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Configuring and Using KVM-QemuLast edited on Feb 28, 2012

KVM Qemu

I was tired of Vmware Server's sloooooow web interface that only works half of the time. I just couldn't take it anymore. So I started looking for other virtualization solutions. I found KVM. KVM/QEmu is, by far, easier to use than VMWARE Server. The thing I like about qemu is that there is no virtual machine files. You only create a virtual disk file but the machine itself is built from the command line when invoking qemu. That means you have to "rebuild" the machine every time you reload it. It looks painful but you just have to save your command in a script and invoke it. So it comes down to say that what a shell script is to qemu what a VMX file is to vmware. Don't ask me why, but this is a strong point for me.

Installing and preparing KVM Qemu

  1. Compile kernel using KVM (see flags VIRTUALIZATION,KVM,KVM_AMD,KVM_INTEL)
  2. Download and Install qemu-kvm
  3. Install "tunctl"
  4. make network bridge script. will need to create a script that will need to be run after every reboot (put in rc.local):
    #load tun driver and create a TAP interface
    modprobe tun
    tunctl -t tap0
    
    # bring eth0 down, we will set it as promiscuous and it will be part of a bridge
    ifconfig eth0 down
    brctl addbr br0
    ifconfig eth0 0.0.0.0 promisc up
    ifconfig tap0 0.0.0.0 promisc up
    
    # set the IP address of the bridge interface. This is the interface that we will use from now on. So use
    # an IP address on your LAN. This is the address of the host computer, not the guest.
    ifconfig br0 192.168.1.2 netmask 255.255.255.0 broadcast 192.168.1.255 up
    
    # add tap0 and eth0 as members of the bridge and bring it up.
    brctl stp br0 off
    brctl setfd br0 1
    brctl sethello br0 1
    brctl addif br0 eth0
    brctl addif br0 tap0
    
    # setup default gateway.
    route add default gw 192.168.1.1
    

Note that you will need to run that on every reboot. So you might want to save this is a boot script.

Create a VM

  1. Create a 10g disk: qemu-img create -f qcow2 vdisk.img 10G.
  2. install OS: qemu-system-x86_64 -hda vdisk.img -cdrom /path/to/boot-media.iso -boot d -m 512 -vnc :1. Let's analyze that command:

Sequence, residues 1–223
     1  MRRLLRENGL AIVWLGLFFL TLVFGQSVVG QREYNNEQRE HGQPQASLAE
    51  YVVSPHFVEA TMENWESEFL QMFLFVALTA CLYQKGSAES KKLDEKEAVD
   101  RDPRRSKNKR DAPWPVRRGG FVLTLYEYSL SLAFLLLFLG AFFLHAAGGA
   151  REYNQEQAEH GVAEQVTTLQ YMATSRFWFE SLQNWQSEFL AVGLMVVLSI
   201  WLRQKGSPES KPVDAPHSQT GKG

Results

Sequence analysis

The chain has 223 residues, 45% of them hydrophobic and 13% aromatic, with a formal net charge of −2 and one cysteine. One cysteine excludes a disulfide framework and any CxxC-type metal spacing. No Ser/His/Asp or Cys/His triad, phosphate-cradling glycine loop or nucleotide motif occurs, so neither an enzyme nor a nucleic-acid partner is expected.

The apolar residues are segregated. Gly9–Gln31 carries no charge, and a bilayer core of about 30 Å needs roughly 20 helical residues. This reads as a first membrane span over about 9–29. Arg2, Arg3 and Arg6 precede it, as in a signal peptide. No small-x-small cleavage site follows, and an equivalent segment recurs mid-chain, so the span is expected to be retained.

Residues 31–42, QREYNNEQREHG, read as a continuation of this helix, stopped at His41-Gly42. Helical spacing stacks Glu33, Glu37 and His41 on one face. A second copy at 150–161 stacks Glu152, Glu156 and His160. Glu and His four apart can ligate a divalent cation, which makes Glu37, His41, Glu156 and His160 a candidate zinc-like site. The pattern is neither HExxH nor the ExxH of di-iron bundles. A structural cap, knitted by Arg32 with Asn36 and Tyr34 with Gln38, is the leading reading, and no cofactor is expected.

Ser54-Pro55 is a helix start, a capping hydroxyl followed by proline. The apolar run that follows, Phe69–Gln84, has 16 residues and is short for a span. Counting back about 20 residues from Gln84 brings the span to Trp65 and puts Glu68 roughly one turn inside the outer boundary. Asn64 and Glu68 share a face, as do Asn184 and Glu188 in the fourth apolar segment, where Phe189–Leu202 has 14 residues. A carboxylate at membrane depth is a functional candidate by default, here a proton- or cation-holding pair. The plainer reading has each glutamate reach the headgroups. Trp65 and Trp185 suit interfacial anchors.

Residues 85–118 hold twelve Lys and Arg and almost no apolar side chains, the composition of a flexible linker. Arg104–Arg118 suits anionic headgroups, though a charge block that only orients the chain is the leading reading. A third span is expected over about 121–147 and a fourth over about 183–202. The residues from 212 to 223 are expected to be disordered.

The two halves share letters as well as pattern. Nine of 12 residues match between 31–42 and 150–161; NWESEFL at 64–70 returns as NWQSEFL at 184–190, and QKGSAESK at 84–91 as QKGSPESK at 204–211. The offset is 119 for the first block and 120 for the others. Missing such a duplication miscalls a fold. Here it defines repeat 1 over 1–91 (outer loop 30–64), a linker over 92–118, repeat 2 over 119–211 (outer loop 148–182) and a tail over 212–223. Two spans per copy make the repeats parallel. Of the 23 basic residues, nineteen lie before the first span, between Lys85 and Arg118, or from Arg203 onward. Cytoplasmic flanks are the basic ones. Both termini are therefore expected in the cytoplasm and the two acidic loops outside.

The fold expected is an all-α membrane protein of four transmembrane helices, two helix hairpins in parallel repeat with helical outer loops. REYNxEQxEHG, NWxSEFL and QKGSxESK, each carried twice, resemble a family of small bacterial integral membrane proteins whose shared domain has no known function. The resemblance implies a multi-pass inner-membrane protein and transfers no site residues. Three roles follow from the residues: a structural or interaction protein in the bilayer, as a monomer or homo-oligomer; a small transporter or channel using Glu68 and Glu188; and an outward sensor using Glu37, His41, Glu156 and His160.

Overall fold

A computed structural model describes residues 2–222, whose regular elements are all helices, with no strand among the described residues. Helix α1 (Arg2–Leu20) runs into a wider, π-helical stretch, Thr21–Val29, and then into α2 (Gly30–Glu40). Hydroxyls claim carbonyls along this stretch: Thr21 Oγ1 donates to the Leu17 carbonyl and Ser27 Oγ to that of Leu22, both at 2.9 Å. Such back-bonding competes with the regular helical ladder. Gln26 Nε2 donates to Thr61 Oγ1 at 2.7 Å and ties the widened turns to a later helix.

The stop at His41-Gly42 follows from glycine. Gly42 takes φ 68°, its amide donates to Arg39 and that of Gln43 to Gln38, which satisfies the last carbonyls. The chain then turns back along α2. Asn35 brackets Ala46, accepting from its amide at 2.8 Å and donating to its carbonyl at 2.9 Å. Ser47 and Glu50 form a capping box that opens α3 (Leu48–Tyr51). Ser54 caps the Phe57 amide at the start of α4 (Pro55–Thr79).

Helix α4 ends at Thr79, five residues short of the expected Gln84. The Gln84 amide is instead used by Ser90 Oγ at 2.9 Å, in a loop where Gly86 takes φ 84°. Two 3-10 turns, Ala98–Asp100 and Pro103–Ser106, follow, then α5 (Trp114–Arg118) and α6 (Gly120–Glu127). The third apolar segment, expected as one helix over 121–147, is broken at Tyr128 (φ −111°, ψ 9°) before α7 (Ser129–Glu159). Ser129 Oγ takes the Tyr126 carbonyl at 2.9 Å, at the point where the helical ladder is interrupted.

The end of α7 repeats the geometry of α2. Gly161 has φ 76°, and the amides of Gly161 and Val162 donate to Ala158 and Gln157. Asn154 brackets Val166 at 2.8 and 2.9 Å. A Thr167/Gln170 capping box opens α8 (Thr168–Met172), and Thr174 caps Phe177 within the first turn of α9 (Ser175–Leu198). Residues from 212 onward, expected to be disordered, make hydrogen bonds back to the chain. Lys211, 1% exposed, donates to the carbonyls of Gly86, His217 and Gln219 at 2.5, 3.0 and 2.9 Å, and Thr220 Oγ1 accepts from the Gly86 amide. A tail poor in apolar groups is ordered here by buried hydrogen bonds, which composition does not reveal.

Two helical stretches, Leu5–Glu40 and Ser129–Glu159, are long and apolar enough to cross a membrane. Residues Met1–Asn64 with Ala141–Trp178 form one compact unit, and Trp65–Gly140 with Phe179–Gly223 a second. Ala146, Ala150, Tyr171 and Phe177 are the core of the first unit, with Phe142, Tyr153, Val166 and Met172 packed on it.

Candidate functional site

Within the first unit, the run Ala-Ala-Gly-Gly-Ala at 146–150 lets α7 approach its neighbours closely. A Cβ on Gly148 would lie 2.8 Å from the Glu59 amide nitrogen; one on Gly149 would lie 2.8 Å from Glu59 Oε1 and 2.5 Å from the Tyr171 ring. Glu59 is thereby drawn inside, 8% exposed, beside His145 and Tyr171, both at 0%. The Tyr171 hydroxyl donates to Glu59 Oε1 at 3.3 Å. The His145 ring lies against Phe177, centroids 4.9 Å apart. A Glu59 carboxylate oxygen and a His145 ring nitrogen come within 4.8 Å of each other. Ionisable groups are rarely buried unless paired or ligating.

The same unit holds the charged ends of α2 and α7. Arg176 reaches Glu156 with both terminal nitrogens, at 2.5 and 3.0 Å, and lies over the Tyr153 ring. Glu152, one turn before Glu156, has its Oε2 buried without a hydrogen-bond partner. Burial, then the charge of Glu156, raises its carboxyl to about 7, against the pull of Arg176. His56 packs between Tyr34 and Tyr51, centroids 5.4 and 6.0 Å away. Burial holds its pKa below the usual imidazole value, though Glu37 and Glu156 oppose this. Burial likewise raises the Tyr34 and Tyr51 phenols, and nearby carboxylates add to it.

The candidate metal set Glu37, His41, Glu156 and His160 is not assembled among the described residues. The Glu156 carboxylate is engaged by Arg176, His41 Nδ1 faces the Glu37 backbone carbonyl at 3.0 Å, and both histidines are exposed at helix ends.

• "-hda vdisk.img": use vdisk.img as primary disk
    • "-cdrom /path/to/boot-media.iso": cdrom should be mouted asboot-media.iso
    • "-boot d": Boot from D drive, the cdrom
    • "-m 512": 512 mb of RAM
    • "-vnc :1" : The display will be on VNC port index number 1. Depending on your settings, if your base port is 5900, then the TCP port used in that case will be (5900 + 1).

So you can now use a VNC client to connect to port 5901 on your host to have access to the display. The VM will boot from the OS install CD you have provided so you will be able to install the OS like you would on a real computer.

Use a VM

  1. Run: qemu-system-x86_64 -usbdevice tablet -daemonize -enable-kvm --hda /virtual-machines/vdisk.img -boot c -m 512 -vnc :1 -monitor telnet:127.0.0.1:3010,server,nowait,ipv4 -net tap,ifname=tap0,script=no -net nic Let's analyze that command:
    • -usbdevice tablet: I had problems with my mouse cursor when using VNC if I didn't use that option.
    • -daemonize: Run as background process
    • -enable-kvm: Enable the use of kernel-based virtualization.
    • "-hda vdisk.img": use vdisk.img as primary disk
    • "-boot c": Boot from C drive, the primary disk
    • "-m 512": 512 mb of RAM
    • "-vnc :1" : The display will be on VNC port index number 1.
    • -monitor telnet:127.0.0.1:3010,server,nowait,ipv4: Listen on 127.0.0.1:3010 for the telnet configuration.
    • -net tap,ifname=tap0,script=no: Use tap0, and don't run network setup script.
  2. Install a vnc viewer on some other computer (TightVNC). Connect to host on port 5901
  3. Configure network on guest (If windows, enable remote desktop and disable firewall or poke a hole in it)

You should now have access to your VM through remote desktop or SSH or whatever you configured in that last step.

Managing the VM

You can telnet in the VM console to manage it. use the port you have setup with option "-monitor telnet". To exit the monitor, use 'ctrl-]' and press 'q'. If you type 'q' without 'ctrl-]', you will kill the VM.

Change CD in cdrom

telnet in management console and: change ide1-cd0 /shared/newimg.iso

Changing specs

Of course, if you want to add more RAM or change other system specs, you can do it from the command line when invoking qemu.